I have consulted my records, using the summer/winter variation of GOM value (extrapolated to 100% SOC), and it seems that something like 10 cycles of (roughly) 30% to 80% were needed for the GOM to reflect the change from nasty cold days to nicely warm days. Because my usage of the car is moderate (about 270 miles/month), this resulted in my top GOM value (145 miles) occurring in mid-November!

Frankly, I think the GOM is pretty useless and pay it little attention. When it gets below 50 miles, I use the SOC as a gauge. After all, in ICE cars, no-one calibrates the fuel gauge in miles.
 
It's interesting. Here in Colorado with a temperature range from -10F/-20C to 100F/37C (and more in both directions) - we found the GOM fairly close on the original battery - as in it dropped based on ambient during the winter and increased in summer (my daughter tries to avoid running the A/C unless really hot).

The new battery is now behaving really weird. When it was not reading well and I took it to Kia, it had 29% SOC - it took me more than 40 miles, driving it hard (90+ for some of that on the highway) plus running the A/C to get it down to 2%.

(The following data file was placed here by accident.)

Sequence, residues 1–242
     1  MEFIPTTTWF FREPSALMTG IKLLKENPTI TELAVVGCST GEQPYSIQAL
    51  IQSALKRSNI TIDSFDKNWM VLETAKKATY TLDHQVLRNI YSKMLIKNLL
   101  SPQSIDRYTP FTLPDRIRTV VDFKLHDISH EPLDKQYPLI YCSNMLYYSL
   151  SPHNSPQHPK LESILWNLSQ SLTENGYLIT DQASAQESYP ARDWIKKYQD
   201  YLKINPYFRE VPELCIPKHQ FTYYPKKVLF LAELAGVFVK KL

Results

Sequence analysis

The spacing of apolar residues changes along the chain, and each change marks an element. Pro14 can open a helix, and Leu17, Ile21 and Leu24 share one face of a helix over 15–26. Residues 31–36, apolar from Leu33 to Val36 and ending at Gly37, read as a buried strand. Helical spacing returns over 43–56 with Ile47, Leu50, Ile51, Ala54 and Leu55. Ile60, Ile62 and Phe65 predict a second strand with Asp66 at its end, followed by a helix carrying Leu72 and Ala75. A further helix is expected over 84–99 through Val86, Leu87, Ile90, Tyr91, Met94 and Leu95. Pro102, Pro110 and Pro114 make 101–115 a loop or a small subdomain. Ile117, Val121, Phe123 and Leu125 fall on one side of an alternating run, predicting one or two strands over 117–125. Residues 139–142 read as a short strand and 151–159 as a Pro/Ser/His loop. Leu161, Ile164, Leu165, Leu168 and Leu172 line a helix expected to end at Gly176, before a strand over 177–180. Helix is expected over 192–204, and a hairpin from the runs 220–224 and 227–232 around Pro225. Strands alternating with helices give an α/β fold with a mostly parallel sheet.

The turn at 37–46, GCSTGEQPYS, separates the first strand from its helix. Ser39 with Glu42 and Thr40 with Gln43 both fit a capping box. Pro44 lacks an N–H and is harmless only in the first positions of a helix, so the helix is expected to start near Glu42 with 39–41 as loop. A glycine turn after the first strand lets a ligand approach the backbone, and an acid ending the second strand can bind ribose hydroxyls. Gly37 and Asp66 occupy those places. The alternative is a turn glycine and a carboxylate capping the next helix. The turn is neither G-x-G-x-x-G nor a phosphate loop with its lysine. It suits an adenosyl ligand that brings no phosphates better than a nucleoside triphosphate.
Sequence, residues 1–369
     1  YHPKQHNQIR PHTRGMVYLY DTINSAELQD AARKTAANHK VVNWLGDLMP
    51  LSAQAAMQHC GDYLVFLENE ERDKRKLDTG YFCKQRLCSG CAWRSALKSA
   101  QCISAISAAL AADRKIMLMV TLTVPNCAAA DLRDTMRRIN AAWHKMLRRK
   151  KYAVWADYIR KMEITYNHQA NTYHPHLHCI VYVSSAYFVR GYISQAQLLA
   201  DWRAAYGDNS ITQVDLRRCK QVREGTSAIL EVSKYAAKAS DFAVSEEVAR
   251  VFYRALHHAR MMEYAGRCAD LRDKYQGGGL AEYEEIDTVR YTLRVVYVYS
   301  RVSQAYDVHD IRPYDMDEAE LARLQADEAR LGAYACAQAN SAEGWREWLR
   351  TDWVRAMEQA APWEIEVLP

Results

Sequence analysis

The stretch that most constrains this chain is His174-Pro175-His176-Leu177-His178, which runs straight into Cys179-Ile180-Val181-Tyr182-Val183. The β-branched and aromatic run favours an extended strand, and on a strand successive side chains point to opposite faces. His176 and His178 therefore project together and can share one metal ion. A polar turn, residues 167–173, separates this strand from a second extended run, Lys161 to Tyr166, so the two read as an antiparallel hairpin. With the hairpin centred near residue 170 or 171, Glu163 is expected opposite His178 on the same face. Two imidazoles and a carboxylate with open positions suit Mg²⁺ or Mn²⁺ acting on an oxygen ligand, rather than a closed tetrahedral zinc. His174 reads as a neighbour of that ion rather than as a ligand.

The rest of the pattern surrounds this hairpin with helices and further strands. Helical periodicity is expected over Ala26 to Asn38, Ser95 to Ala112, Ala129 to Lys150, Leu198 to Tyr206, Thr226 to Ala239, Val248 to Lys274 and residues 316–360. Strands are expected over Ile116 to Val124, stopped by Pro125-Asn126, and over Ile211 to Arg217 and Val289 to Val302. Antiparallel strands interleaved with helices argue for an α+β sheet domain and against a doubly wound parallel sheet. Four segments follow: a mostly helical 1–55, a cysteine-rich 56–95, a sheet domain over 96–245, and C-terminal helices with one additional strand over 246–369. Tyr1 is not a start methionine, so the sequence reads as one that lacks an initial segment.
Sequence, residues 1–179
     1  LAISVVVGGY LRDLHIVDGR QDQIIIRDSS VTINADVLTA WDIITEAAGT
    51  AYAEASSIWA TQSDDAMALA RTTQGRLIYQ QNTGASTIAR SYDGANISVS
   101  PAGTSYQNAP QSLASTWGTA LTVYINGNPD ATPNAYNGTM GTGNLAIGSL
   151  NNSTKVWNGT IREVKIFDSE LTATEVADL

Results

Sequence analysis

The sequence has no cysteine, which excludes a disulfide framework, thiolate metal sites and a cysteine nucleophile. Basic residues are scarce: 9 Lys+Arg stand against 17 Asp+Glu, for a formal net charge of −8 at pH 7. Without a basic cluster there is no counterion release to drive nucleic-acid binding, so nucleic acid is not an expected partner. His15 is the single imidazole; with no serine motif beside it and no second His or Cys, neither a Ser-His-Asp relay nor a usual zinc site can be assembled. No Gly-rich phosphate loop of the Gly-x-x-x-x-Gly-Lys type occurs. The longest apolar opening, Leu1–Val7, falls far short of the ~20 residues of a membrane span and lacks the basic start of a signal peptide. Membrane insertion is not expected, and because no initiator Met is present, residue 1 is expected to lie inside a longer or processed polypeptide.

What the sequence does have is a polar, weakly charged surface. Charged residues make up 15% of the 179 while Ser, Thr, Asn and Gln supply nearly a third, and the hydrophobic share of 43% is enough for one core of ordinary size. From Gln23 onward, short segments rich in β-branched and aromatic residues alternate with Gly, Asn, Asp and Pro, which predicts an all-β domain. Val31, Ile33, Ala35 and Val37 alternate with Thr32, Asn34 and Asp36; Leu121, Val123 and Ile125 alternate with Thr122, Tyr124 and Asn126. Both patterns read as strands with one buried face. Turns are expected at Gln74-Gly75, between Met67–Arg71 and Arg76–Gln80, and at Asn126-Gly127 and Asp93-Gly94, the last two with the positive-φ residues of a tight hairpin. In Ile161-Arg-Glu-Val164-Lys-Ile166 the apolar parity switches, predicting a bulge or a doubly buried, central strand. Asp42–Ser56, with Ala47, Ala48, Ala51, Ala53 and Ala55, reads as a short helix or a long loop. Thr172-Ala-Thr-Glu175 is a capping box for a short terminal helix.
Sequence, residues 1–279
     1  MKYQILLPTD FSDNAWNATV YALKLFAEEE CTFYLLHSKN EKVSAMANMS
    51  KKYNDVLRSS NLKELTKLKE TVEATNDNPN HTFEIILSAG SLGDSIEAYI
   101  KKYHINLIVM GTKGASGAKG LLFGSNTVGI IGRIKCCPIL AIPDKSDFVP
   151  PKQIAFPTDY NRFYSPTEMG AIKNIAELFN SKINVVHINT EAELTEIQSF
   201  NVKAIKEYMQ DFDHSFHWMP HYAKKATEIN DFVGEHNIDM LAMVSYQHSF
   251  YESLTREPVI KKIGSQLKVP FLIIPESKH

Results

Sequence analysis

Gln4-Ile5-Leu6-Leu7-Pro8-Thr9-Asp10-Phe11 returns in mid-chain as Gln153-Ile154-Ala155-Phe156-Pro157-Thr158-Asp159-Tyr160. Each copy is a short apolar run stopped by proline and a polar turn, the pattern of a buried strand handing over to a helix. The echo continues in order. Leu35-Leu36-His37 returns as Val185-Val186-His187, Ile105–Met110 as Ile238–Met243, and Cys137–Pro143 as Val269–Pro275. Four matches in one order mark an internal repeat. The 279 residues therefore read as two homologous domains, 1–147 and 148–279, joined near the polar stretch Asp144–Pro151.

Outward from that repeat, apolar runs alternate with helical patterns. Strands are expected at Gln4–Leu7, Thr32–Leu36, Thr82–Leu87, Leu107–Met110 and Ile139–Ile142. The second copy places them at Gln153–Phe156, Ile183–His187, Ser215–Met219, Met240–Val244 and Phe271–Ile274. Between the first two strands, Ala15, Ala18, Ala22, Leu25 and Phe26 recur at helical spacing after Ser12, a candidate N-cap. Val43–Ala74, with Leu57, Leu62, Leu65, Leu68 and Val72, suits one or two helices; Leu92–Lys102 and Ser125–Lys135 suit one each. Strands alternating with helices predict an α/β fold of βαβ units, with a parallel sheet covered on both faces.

My daughter has been tracking actual miles vs battery %age. It managed 124 miles with 17% reported by the car when she got back from the last leg of that. Today (similar temperatures, similar driving style) it eat 35% of the battery in 44 miles.

Based on the first two runs after we ran it down to 2%, and did the marathon 110V/13A slooooow charge - it was looking like the range was around 140 miles (based solely on miles driven and available %age). Certainly it manage the one cycle of 124 miles without getting stranded and was reporting low battery (comes on below 25%) down to 17%.

I cannot find any battery Kia might have installed which would support this range though. Makes me really nervous that the reported 17% is wrong and that she was actually almost out of a battery including buffer.